One of the conditions of my change of employment is that I am strictly to speak Norwegian at work from now on. Although I had started out well, I had fallen into the easy habit of speaking English most of the time with my colleagues, although to clients I have always tried to stick with Norwegian unless they have indicated that they want me to do otherwise. Naturally though, Dagny’s is very concerned that the practice’s clients are satisfied with my performance, and therefore she did spend some time with a very serious look on her face urging me to always speak Norwegian to the clients.

On Tuesday then, my appointment list was full. Happily my first client was Kari-Anna, the nurse who is on maternity leave, and her dog was in for a blood test, so that was pretty much stress-free, as was my next case which was a cat with a cut on its neck whose owner had left it for examination, so there was no owner, no history to take, and until the owner returned, no discussion at all. It fell therefore, that my first genuine official client was the owner of a dog that had been in a fight and had a wound over its eye.

Gerd brought the owner and patient through, and as I led the them into the consulting room, the owner said to me

“It’s okay if you would rather speak English.’

With Dagny’s dire warnings about language still ringing in my head, I replied in Norwegian that it was quite alright, and if it was easier for her, that would be fine. She started to laugh,

*I’m actually from Scotland,’ she announced, and after that we got on like a house on fire. I really hope that she will ask to see me if she comes back in.

Thursday was a little less busy than Tuesday. Today’s photo is of Trøffen, who came in to have a cyst removed from his head. Wivek was operating, and she called me through to the consulting room before she started to check with me whether I felt that she would be able to bring the skin together on his head if we removed the rather large lump. Trøffen is only eleven and a half though, and the cyst had already been emptied and had refilled, so there was a risk in leaving it as it might have become bigger. She decided to go ahead, and as you can see, she has done a beautiful neat job. Trøffen is a really lovely cat. Indeed I’m finding great pleasure in working with so many cats. Both Jan-Arne and Magne prefer dogs, and so I like to help out wherever possible. Magne was really impressed with me yesterday, when having easily taken a blood sample from a patient that has not always been wholly compliant, I also managed to give it a worming tablet. I guess I’ve always been fortunate, as most cats seem to like me as much as I like them.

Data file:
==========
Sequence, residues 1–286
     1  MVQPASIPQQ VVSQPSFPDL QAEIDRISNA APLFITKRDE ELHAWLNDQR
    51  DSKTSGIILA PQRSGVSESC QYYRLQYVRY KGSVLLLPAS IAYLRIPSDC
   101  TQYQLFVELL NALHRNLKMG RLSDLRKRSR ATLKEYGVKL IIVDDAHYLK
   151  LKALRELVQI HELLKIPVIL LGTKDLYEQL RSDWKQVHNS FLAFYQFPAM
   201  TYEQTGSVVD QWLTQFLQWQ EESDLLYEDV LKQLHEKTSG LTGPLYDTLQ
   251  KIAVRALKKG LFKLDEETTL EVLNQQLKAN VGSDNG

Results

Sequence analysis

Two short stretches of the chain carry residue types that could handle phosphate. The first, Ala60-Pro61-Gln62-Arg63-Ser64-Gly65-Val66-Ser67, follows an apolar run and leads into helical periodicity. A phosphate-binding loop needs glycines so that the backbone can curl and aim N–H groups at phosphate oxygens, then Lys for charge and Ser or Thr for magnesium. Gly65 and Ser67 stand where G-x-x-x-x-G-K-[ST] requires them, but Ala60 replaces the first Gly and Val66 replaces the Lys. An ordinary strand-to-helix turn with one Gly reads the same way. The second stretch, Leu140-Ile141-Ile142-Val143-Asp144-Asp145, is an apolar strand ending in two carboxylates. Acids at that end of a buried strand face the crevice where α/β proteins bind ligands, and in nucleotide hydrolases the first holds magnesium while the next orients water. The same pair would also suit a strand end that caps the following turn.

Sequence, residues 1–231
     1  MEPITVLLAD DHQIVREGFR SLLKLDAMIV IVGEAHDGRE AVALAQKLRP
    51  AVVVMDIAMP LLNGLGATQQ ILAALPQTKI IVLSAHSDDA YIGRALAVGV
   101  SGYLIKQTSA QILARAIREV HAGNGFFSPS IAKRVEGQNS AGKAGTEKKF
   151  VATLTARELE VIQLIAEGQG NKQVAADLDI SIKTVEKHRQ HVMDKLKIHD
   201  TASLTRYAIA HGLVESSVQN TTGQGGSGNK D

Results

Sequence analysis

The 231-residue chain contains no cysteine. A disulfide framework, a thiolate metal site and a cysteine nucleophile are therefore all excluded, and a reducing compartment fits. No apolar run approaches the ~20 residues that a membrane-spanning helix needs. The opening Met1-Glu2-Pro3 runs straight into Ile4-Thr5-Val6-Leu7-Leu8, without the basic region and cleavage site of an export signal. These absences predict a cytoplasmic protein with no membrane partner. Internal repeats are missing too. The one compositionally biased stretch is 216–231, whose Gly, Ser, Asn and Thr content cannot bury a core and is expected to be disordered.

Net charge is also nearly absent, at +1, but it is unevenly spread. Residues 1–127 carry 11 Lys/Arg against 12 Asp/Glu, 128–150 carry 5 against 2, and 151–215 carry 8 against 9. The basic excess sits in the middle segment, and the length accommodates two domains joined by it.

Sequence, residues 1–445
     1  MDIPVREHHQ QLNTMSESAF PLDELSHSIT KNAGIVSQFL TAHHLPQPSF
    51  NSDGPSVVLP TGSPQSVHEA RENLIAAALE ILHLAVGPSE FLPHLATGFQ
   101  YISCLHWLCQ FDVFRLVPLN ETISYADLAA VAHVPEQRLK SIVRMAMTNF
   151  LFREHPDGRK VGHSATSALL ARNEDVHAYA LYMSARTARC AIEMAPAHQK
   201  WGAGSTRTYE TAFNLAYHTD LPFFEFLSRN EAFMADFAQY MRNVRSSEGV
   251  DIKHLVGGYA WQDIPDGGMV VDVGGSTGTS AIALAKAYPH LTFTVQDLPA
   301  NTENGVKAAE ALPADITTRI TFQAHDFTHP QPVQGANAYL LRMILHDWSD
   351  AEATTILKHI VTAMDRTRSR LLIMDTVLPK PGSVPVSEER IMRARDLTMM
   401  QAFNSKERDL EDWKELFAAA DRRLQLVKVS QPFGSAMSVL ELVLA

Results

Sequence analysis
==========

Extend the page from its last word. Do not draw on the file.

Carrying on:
The day out with Åsulf though was a revelation. It was utterly delightful from start to finish, even though the first visit was to a pig farm, and because of the way pigs smell and squeal, they have never been my favourite patients. I was very impressed though with Åsulf’s injection technique. He made it look easy, when experience has taught me that really it isn’t. As we went around, checking calves, examining cows (and yes, I did have my hand up a few cow’s bottoms) I felt completely at home. It just seemed so natural, and I really felt I could just slide right back into that way of life. It’s very different from small animal practice. And for the first time, I found I had very little difficulty with the language. For the first time, I felt that at some point in the future, it might not be impossible for me to work with production animals again. Anyway, for the moment I will continue with improving my Norwegian, and maybe I will ask Jan-Arne if I can go out with him again one Monday, as he now works there one day a week. Who knows. I might even be able to teach him something.